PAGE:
Interesting how they sell us products and services that consume such high bandwidth, all the while lulling us into believing that watching a movie or TV on on IPAD is free. And once they have a generation hooked, they go to a pay as you use it bandwidth plan to suck the life out of our wallets. And all this time we thought that Skype, Vonage and the like was the wave of the future because it was cheaper. Hang on America, your about to get the short end again…
Joe Buck, NCE
Video Conferencing player Polycom falls this quarter April 9, 2012Posted by TelUS Consulting Services in Data Networking catagory.
Polycom (Nasdaq: PLCM), which had strong enough fourth quarter numbers that analysts in January raised price targets for the videoconferencing company’s stock to upwards of $24 a share, just-released preliminary results for the 1Q2012 which fall way below expectations, due, the company said, to softer demand than expected for its product in both the APAC and North American regions, as I have been predicting all quarter.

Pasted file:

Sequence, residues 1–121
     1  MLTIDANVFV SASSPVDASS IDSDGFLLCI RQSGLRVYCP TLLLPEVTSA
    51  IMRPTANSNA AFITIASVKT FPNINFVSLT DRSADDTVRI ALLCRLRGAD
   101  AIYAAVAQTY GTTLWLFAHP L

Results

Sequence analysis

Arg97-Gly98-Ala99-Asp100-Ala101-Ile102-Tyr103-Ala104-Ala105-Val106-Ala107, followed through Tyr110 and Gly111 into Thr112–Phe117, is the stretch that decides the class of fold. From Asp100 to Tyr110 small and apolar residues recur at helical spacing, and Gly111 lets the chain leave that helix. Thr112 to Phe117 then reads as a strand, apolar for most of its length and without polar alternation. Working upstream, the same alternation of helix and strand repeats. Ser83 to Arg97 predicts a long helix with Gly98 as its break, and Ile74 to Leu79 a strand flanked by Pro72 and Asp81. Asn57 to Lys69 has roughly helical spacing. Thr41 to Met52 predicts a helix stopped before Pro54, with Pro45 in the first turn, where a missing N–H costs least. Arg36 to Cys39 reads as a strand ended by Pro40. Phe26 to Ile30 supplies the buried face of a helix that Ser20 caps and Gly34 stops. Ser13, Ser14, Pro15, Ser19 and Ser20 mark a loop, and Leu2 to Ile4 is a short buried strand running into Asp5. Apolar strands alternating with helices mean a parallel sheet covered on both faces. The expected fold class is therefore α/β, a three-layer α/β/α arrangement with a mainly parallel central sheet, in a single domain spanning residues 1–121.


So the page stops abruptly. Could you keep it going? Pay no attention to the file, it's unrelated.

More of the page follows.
Immediate response to the estimated numbers has Investor withdrawal pushing shares down nearly 19 percent to $14.79 in pre-market trading, flirting with the stock’s 52-week low of $14.45 (it’s high was a whopping $34.30 last summer).
Polycom said it expects to report net revenues for the quarter in the range of $364 million to $370 million, compared with net revenues of $344 million in the first quarter of 2011, a seven percent increase. In January, the company said it expected sales of some $399 million, and analysts expected sales to be in the range of $399.7 million for the quarter.
The company today said its EPS would be in the range of 21 to 23 cents, down from 24 cents a year ago; analysts were calling for 30 cents per share. Polycom said the quarter saw sales increases in every region but acknowledged the growth rate was below our overall expectations. According to ther CEO, Polycom’s current operating model assumes a higher level of revenue growth, and we will analyze our assumptions between now and our regularly scheduled call on April 18th.
Earnings per diluted share for the first quarter likely will come in at 7 to 9 cents on a GAAP basis, Polycom said, a big drop from the 19 cents per diluted share on a GAAP basis in the first quarter of 2011.